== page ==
out++;

     }

     plan_group_vectorize(NULL);

  } else { // Собственно параллельная работа

         *out = A[i]*k;

  }

}

/* Вызов: Mul(true, k, A, 0, B); */

An example of parallel computing on a pipeline (for a multi-core processor)

Let the conveyor process a tree, and at its first stage there is a maximum element, and at the second stage – a minimum element. The first stage, in turn, is parallelized into 4 processors, and the second stage is similarly parallelized. Thus, here we have combined parallelism.

#ifndef __min

#define __min(a,b) ((a)<(b) ? (a) : (b))

#endif

#ifndef __max

#define __max(a,b) ((a)>(b) ? (a) : (b))

#endif

chain TreeMax(TreeNode * Cur, reduction(__max) int & MaxResult)

{ // Первая стадия конвейера

 static int DummyMin;

 throw_last(Cur, DummyMin);

 if (Cur==Root) plan_group_parallelize;

 if (Cur->Left) plan_last(Cur->Left, MaxResult);

 if (Cur->Right) plan_last(Cur->Right, MaxResult);

 MaxResult = Cur->Data;

}

chain TreeMin(TreeNode * Cur, reduction(__min) int & MinResult)

{ // Вторая стадия конвейера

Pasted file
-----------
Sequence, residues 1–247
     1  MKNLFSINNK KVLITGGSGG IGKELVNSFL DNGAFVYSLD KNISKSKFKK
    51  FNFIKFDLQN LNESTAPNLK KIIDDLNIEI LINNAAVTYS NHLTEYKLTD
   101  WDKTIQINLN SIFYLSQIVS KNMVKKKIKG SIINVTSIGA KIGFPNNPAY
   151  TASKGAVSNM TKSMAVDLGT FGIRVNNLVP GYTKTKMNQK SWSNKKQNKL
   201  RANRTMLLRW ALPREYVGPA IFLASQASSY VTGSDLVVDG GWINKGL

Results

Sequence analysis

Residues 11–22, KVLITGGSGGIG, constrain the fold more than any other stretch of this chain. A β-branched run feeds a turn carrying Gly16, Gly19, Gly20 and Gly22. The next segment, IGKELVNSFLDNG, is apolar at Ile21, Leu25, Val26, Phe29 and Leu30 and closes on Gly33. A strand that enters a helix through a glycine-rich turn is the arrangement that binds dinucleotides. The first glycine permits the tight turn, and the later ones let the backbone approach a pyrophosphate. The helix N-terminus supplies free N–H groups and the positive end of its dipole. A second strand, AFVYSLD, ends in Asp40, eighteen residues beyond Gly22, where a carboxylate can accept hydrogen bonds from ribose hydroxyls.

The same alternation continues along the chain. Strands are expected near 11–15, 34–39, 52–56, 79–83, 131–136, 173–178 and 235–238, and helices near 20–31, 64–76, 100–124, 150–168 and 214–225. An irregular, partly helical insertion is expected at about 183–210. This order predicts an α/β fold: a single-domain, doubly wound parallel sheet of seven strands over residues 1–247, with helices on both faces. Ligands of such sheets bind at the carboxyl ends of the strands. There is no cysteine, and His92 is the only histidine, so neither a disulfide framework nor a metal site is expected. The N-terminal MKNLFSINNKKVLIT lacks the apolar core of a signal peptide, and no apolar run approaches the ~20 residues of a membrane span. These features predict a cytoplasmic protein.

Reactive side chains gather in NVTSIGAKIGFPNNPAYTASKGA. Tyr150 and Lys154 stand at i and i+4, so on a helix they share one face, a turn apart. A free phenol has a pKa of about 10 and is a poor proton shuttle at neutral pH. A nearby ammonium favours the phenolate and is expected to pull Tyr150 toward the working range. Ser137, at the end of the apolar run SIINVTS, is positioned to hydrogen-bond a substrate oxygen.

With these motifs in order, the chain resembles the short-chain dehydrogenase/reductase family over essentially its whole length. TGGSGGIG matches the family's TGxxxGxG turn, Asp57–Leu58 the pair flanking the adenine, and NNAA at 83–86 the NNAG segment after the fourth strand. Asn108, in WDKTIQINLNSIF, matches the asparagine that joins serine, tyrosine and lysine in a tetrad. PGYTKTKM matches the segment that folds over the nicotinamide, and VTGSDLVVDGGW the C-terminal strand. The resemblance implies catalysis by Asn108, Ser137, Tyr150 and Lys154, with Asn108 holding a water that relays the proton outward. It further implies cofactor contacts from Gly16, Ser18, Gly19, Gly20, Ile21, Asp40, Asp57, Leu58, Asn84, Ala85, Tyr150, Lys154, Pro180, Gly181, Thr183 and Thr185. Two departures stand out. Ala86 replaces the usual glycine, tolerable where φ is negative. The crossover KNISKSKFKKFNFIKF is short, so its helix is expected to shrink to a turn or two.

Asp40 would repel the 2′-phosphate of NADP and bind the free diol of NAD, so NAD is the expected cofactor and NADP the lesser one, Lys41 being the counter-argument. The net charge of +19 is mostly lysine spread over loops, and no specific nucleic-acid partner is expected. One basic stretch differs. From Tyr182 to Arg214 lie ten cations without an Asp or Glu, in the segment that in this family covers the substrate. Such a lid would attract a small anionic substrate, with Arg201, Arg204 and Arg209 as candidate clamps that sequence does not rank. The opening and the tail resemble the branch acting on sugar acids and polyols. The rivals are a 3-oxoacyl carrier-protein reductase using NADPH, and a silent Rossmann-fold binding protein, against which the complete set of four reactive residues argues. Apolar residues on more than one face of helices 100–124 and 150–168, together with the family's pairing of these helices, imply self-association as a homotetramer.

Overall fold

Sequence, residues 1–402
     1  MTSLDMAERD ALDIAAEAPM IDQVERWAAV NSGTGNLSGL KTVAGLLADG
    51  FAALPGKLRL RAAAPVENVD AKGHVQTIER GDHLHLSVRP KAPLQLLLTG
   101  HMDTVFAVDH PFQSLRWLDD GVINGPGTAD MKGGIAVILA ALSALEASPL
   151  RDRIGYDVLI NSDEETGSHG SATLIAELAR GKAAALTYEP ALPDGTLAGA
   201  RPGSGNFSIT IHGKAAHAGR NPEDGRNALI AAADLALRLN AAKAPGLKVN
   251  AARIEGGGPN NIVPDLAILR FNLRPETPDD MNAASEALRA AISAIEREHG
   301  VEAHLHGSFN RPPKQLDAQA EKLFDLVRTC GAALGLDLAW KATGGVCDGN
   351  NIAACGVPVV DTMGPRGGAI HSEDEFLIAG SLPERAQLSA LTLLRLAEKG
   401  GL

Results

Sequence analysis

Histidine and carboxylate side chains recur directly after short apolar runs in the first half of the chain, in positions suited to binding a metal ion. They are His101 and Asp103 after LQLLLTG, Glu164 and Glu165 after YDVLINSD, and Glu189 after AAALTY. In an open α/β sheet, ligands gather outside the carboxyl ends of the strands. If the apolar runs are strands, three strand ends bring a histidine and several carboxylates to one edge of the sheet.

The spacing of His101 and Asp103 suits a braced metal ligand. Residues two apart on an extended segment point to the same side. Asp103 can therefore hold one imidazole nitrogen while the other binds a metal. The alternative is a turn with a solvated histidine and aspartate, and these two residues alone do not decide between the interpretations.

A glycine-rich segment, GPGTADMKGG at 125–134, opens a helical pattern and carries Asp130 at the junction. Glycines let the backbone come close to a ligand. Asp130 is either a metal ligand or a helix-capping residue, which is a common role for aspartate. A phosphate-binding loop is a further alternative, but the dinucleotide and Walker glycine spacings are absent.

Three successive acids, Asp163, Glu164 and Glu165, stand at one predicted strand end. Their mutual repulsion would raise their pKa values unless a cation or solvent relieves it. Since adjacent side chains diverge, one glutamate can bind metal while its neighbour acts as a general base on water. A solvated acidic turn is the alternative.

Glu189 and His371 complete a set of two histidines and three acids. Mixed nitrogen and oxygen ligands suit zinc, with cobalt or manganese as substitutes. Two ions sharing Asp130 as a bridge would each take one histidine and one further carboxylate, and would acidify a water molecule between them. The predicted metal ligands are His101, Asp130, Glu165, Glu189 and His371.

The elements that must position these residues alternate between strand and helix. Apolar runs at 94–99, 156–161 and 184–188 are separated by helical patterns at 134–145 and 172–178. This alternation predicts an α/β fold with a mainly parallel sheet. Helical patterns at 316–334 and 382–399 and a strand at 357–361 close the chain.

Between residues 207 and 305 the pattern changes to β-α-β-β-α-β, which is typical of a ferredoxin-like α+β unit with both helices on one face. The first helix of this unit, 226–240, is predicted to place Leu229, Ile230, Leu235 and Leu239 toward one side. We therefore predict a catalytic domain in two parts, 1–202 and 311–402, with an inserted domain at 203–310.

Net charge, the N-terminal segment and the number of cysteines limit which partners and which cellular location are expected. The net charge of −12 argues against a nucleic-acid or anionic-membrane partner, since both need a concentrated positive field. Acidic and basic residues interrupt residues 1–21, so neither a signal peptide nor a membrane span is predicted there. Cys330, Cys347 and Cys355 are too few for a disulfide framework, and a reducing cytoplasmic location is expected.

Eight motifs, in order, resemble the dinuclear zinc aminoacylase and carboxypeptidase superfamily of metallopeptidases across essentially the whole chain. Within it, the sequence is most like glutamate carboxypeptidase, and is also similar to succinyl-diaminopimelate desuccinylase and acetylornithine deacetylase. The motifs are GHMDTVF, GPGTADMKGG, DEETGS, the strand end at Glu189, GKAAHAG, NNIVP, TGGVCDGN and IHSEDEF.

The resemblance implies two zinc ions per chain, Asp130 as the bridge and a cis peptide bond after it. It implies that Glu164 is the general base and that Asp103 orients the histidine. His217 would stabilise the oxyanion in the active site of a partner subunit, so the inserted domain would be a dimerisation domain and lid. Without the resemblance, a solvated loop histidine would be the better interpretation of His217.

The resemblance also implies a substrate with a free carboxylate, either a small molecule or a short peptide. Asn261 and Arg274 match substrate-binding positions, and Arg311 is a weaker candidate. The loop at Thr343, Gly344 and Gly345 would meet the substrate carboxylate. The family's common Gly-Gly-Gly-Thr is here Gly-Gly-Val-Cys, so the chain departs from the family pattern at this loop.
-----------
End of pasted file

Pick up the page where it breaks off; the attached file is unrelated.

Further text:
if (Cur==Root) plan_group_parallelize;

 MinResult = Cur->Data;

}

void TreeMinMax(int & Min, int & Max)

{

 Max = 0.0;

 Min = 1000.0;

// Запуск ковейера в параллельном режиме

plan_parallel_chain(0, TreeMax(Root,Max)/4, TreeMin(Root,Min)/4);

}

An example of parallel computing (abstract) on a pipeline, on a cluster

On the node with ID 1 prints numbers from 0 to 29 to standard output.

#pragma plan clustered

#include <iostream>

using namespace std;

chain A1() throw(int DATA) { // Первая стадия конвейера

  for (int i = 0; i < 30; i++)

      throw_last(i);

}

chain B1(int DATA) { // Вторая стадия конвейера

  cout<<DATA<<endl;

}

int main() {

  int IDs[2] = {0,1}; // MPI-Идентификаторы узлов, на которых будет запущен конвейер

  clustered(IDs) plan_parallel_chain(0, A1(), B1(0));

  return 0;

}

A bit about transactional memory

Transactional memory is available, even in two versions: a) implemented by the compiler (if it supports it) and b) software (partially transactional, implemented in Planning C, involving the use of both transactional and conventional memory in one block of code). It is programmed in a very similar way to the above example of a program for a video card: a group of plan stages is formed, after which a directive is given to enable parallel calculation in the mode of one or another type of transactional memory. I will give an example with software partially transactional memory – a standard example (calculation of a histogram of array values). The program sums the frequencies and displays the sum on the screen – naturally, this is the number of array elements (in this case, 10000).

#include <stdlib.h>

#include <iostream>

using namespace std;